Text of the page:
In the powder coating process, powdered paint is sprayed directly onto the machined part. The coated part is then baked in an oven, forming a durable, wear-resistant and corrosion-resistant layer. A wide variety of color options are available in the powder coating process.
Bead blasting consists of blowing small glass beads against the surface of the machined part in a controlled manner. This technique results in a smooth surface with a matte texture. In bead blasting, various materials—such as sand, garnet, walnut shells and metal beads—are used to clean parts or prepare them for subsequent surface treatments.
Quick Tips to Maximize your CNC Machined Product
Keep it simple
If possible, keeping a part design as simple as possible will often result in faster production times and therefore lower costs. This is because the creation of complex structures and surfaces uses many small cuts, which take longer to execute than simpler, larger cuts on planar surfaces.
Minimize tool changes
Following on the keep it simple tip, making sure that your part design integrates consistent dimensions for internal corner radii and holes can drastically cut down on machining time. In other words, using the same dimensions where possible will reduce the number of tool changes needed and every tool change tacks on extra time and costs.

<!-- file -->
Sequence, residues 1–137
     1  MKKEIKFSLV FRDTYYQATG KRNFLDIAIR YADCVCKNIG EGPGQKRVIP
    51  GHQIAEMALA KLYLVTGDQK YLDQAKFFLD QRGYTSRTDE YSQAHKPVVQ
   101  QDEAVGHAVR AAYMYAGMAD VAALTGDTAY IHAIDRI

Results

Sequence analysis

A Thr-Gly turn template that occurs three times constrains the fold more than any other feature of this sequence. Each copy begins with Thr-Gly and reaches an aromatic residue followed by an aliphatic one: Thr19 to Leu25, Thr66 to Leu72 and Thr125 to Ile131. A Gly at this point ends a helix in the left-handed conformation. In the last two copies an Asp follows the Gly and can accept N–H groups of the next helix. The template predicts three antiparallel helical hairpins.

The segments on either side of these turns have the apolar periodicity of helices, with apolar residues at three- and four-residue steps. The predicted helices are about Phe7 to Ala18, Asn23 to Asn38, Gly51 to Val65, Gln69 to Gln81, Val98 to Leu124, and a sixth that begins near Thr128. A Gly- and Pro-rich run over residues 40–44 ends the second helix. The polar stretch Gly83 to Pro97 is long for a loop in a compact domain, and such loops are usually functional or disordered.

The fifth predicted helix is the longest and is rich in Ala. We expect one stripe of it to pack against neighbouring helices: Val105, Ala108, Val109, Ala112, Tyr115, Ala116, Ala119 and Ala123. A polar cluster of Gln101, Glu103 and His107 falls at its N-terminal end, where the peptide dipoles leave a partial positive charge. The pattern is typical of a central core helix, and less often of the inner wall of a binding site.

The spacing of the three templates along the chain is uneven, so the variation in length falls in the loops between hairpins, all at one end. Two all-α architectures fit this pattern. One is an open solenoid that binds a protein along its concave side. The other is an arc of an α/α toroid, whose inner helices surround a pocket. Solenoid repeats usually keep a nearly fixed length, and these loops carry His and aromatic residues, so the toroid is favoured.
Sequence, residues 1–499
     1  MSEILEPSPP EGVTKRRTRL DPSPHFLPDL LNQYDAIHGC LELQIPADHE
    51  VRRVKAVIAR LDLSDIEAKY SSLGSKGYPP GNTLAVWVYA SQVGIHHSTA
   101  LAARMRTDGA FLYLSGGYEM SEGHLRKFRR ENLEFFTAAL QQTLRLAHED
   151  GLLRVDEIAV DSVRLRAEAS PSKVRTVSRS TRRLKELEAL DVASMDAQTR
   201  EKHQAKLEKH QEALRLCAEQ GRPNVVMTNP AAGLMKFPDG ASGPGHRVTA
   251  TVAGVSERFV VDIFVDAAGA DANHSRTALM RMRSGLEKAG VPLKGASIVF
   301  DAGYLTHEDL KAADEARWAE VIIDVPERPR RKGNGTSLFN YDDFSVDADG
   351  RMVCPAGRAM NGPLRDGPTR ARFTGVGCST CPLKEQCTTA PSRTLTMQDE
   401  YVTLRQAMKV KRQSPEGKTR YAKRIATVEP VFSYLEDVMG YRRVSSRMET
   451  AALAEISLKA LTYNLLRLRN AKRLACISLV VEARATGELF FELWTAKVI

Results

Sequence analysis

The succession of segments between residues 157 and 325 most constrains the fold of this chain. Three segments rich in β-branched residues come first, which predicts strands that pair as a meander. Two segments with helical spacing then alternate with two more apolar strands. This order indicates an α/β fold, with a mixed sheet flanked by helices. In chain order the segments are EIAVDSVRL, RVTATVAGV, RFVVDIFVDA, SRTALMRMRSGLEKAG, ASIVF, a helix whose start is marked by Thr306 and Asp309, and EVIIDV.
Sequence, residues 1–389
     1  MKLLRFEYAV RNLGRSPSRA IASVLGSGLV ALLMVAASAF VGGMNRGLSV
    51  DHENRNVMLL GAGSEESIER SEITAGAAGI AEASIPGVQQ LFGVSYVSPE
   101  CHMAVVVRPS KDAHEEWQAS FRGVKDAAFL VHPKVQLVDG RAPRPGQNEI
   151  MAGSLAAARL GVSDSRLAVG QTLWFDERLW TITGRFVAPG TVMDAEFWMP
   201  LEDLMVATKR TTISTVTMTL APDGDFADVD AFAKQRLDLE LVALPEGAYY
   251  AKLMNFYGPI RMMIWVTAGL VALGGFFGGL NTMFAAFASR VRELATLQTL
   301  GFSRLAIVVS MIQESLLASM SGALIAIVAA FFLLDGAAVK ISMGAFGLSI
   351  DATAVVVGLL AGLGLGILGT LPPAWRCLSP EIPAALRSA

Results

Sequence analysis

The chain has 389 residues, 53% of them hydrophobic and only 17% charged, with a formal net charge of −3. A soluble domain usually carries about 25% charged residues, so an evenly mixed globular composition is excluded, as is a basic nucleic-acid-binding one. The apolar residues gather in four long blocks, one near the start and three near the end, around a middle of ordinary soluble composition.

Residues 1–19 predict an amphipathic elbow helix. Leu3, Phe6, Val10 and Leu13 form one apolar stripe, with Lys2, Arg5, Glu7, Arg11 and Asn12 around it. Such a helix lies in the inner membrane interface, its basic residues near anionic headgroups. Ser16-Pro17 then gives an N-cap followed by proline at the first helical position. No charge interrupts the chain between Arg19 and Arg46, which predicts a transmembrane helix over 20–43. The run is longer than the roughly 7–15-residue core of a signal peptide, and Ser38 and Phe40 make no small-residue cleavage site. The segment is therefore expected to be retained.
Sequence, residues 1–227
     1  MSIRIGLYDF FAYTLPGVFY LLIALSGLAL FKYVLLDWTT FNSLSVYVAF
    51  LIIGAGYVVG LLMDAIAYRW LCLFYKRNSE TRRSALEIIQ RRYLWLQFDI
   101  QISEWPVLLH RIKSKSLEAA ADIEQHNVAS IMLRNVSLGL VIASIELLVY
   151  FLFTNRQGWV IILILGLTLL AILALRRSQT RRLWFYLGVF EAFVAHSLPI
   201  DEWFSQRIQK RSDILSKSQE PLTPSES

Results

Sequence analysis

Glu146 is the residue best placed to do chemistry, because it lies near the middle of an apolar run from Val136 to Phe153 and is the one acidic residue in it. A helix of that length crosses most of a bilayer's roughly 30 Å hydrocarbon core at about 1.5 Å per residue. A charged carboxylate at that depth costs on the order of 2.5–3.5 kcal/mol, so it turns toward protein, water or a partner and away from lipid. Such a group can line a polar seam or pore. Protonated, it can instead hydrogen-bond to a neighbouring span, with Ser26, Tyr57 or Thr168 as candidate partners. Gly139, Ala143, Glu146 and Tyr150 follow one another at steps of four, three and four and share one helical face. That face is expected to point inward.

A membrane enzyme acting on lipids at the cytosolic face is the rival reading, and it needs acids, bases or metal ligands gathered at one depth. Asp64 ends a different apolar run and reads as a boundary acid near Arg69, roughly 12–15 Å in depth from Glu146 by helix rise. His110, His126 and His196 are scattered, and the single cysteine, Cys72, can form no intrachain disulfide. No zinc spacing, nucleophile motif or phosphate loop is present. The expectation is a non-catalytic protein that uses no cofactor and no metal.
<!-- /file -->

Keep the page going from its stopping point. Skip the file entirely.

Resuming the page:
Choose materials wisely
As stated earlier in the guide, material selection can have a big impact on CNC Machining production times and costs. If possible, choose a material with good machinability, such as brass or aluminum. For applications where the rigidity and strength of metals are not required, CNC machining a plastic material can also help bring costs down, as the material blanks are cheaper.
Consider tolerances and wall thicknesses
With CNC Machining, higher tolerances and thinner walls often entail higher costs, because of the time associated with achieving higher precision cuts. If your product or part has an allowable tolerance range, opt for the lower tolerance to reduce production time and costs. The same goes for wall thicknesses: where possible, choose the larger wall thickness allowance.
Stick to one surface finish
The last stage of the CNC Machining process, surface finishing, can also affect the cost of your overall project. Choosing a single surface for your part or product can lead to better time and cost efficiency. If more than one finish is necessary, it is still helpful to minimize the number of different surface treatments required.